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Yummers!

by James Marshall

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1426169,376 (3.78)None
Emily Pig accepts Eugene Turtle's advice to walk as a way of losing weight but runs into too many tempting edible diversions.
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Emily the pig wants to lose weight, but finds it difficult. Eugene helps her by offering to go for a walk. This sounds like a great idea until they decide to stop for snacks many different times!
  michebee | Nov 2, 2016 |
This book is about a pig named Emily and how she feels that she needs to lose weight, so she gets some help from her friend Eugene, who is a turtle. Emily tries working out by doing some jump roping, but she gets tired and tries to look for a better solution. Her friend Eugene suggests that they go walking, and at first Emily really likes the idea and all is well, until Emily gets distracted on the way. The rest of the story goes on to show us how Emily stops at multiple places to eat different types of food, like corn, pizza, tea, cookies, shakes, etc. While Emily is eating all this junk food, we notice how Eugene is picking much healthier choices. Towards the end of their walk Emily feels so sick that they take a taxi back home. When Emily suggests that the walking must have been the problem, Eugene agrees with her and advises her to stay in bed and eat good food. This is how the story ended, which was pretty shocking to me. I felt like the story could taught us how Emily’s eating habits were the problem, but when Eugene doesn’t advise his friend on that, it leaves the reader with a sort of puzzled feeling. I found this book under references like “multicultural” and “diversity,” but to be honest, I have no clue why it would be associated with those words. Could it be because it based on the concept of weight gain and that is how it was put in this category, perhaps? It wasn’t my favorite book, but I did feel that it would have been a lot better if the ending contributed more to the concept of having a healthy eating habit, instead of not addressing the problem. Obviously the reader would know why Emily doesn’t feel very well, but I think Eugene, who was having a better eating habit, should have told Emily why she felt the way she did. So it wasn’t a horrible book, but I think it needed a better ending. ( )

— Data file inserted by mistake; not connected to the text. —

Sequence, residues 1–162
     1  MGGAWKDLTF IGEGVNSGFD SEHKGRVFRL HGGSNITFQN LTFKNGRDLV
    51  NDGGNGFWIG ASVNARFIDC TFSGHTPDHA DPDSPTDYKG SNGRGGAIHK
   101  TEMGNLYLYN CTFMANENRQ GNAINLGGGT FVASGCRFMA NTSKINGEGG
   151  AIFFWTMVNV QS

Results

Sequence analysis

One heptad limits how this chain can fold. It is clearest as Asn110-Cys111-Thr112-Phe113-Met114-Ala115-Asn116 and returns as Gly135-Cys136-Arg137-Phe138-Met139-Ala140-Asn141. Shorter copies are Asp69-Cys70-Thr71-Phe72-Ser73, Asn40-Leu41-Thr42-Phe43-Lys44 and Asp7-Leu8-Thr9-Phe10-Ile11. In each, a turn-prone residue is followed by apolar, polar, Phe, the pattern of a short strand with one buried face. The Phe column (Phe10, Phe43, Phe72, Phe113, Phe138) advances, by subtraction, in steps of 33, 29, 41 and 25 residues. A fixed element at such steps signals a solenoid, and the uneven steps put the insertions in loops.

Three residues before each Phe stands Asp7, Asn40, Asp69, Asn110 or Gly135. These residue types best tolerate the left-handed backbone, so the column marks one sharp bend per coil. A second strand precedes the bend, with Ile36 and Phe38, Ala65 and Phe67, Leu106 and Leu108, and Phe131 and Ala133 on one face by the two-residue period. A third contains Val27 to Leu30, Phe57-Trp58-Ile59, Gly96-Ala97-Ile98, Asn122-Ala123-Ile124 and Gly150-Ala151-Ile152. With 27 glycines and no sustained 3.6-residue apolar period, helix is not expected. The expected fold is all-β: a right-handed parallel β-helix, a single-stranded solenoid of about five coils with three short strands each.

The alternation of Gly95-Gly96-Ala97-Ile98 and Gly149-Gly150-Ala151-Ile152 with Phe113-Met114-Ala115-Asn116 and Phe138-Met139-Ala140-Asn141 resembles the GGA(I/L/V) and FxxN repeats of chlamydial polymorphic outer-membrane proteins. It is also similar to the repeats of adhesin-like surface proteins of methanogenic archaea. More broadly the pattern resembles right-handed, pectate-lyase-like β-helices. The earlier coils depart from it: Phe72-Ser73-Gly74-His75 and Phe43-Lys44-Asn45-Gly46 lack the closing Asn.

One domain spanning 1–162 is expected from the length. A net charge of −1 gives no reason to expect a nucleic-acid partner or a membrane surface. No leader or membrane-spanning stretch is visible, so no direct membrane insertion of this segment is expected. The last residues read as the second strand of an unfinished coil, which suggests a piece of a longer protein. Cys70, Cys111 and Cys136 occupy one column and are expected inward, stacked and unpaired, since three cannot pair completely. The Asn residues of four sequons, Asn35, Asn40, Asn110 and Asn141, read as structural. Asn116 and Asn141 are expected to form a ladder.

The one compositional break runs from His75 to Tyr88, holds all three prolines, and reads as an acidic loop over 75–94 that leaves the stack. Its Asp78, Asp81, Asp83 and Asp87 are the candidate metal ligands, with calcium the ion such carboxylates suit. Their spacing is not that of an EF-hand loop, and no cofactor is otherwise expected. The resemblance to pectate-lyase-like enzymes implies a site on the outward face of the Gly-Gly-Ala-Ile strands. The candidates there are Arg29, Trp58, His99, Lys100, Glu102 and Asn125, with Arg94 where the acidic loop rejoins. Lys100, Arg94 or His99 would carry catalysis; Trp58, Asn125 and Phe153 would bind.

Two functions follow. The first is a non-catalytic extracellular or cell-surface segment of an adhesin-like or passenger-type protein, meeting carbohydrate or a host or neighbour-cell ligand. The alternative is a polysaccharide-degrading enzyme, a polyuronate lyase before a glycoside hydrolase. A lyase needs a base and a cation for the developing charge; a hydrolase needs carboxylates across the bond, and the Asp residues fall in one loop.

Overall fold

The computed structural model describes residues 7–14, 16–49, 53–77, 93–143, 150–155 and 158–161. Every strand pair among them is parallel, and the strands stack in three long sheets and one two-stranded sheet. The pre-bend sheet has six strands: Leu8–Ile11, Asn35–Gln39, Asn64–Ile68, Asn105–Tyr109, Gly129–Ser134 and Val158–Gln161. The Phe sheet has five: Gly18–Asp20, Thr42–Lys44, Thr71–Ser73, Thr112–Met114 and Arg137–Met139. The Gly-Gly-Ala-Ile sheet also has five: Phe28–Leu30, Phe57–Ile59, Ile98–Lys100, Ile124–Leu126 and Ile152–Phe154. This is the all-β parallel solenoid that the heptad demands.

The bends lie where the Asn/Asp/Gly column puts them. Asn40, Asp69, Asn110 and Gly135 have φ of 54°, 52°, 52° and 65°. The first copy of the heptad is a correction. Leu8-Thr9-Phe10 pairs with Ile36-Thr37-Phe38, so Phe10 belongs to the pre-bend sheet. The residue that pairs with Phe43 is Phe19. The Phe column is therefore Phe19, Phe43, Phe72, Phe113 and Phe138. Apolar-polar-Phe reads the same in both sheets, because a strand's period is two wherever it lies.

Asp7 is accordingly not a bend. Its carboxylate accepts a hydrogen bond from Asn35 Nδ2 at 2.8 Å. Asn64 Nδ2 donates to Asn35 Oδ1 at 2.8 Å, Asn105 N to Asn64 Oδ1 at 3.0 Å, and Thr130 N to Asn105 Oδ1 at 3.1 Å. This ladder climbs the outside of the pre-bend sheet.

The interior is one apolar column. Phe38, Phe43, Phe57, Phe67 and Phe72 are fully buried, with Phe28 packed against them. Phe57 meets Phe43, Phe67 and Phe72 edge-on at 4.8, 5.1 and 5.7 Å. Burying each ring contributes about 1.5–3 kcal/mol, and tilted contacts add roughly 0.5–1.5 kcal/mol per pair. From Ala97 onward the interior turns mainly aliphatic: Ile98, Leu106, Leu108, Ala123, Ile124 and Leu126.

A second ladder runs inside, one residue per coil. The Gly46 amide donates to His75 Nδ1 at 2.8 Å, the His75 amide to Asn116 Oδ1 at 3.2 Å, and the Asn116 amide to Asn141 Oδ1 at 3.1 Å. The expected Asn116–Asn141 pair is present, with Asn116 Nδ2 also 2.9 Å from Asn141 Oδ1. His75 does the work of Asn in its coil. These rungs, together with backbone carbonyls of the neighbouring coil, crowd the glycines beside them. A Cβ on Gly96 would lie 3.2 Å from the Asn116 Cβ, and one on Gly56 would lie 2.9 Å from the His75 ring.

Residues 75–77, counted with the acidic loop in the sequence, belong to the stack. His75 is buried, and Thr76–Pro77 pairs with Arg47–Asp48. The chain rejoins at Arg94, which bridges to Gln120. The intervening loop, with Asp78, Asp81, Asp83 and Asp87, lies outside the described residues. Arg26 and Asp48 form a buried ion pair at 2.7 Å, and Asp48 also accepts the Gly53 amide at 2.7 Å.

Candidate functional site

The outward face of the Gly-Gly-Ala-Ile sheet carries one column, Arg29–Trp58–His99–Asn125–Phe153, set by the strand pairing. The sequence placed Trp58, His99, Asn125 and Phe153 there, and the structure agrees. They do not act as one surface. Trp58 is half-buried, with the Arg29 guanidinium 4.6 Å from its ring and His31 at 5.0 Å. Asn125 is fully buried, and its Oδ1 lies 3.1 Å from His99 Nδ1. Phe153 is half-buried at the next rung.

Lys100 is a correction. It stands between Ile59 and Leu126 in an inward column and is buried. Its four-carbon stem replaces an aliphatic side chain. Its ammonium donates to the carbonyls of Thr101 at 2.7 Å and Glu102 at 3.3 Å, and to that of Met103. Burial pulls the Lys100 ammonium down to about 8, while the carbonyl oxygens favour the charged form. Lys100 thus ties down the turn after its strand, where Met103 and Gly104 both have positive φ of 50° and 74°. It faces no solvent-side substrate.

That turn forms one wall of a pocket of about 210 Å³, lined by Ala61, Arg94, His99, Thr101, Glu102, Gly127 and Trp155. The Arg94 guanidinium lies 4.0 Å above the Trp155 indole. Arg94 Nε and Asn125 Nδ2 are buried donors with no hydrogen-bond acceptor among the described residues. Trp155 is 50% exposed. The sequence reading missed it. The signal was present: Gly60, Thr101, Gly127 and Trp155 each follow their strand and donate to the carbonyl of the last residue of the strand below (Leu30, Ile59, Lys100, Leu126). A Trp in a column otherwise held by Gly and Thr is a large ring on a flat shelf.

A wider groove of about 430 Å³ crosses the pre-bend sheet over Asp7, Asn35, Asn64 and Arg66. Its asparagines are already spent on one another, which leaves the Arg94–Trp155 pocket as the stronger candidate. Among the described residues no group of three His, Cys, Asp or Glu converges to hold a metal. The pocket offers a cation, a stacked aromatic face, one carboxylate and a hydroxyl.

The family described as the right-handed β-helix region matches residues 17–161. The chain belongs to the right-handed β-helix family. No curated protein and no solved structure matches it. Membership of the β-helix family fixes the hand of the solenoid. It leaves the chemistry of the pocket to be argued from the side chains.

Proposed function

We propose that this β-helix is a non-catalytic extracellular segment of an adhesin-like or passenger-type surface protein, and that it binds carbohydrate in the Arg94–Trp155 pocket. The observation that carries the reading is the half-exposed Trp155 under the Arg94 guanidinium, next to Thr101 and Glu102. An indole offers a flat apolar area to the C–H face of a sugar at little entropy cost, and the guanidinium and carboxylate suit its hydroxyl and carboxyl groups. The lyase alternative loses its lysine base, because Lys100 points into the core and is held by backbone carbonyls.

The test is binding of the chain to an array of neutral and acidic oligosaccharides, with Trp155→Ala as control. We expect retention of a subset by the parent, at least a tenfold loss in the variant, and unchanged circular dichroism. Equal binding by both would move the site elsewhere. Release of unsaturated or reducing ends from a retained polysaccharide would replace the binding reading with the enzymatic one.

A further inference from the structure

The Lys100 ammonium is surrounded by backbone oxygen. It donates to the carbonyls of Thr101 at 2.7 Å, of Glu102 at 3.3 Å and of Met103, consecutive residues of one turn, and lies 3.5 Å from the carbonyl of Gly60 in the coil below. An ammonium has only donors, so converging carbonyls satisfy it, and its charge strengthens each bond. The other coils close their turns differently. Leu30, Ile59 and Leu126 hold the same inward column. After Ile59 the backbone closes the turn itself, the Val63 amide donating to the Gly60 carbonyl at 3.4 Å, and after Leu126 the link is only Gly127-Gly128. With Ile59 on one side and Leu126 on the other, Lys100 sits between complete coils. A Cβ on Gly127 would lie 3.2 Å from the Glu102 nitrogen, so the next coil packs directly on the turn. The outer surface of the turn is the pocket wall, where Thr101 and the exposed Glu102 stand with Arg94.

NihadKased | Oct 4, 2016 |
"Yummers" is a story about a pig named Emily who realizes she needs to exercise more because she is gaining weight. Her friend, a turtle named Eugene, offers to walk with her for exercise. Along the walk, Emily becomes hungry, and stops at various restaurants and stores for snacks. She feels terrible at the end because of all the food she ate, but claims she doesn't feel good because of all the walking. With this book, I could introduce students to the concept of irony.
  agracie89 | Mar 8, 2010 |
“Yummers!” by James Marshall is a book about a pig named Emily and a turtle named Eugene. Emily was feeling very fat so she decided to go on a walk with Eugene. But, being a pig, Emily could not resist getting a snack while they were on their walk. One little snack turned into; scones, a candied apple, a milkshake, Girl Scout cookies, a sandwich, Eskimo pies, a slice of pizza, and a few other foods. Emily was too sick to even walk home after she finished eating. Eugene called them a cab and put Emily straight to bed. The next day Emily decided she did not feel well because she went on a walk. She decided to stay in bed and eat yummy food all day.
James Marshall was a children’s author and illustrator. Marshall received the Caldecott Honor in 1989 for Goldilocks and the Three Bears. He is well known for his Fox Series and The Miss Nelson books.
http://en.wikipedia.org/wiki/James_Marshall_(author)
  afstimpson | Nov 12, 2009 |
Emily is a pig, who decides one day she wants to lose weight. Eugene the turtle suggest they go for a walk. However, walking makes Emily hungry. Eventually, Emily eats so much while trying to lose weight, that she makes herself sick. She ends up having to go home in a taxi. In the morning, she decides she got sick from walking, so she'll just lay in bed and eat.
  terios | Oct 19, 2009 |
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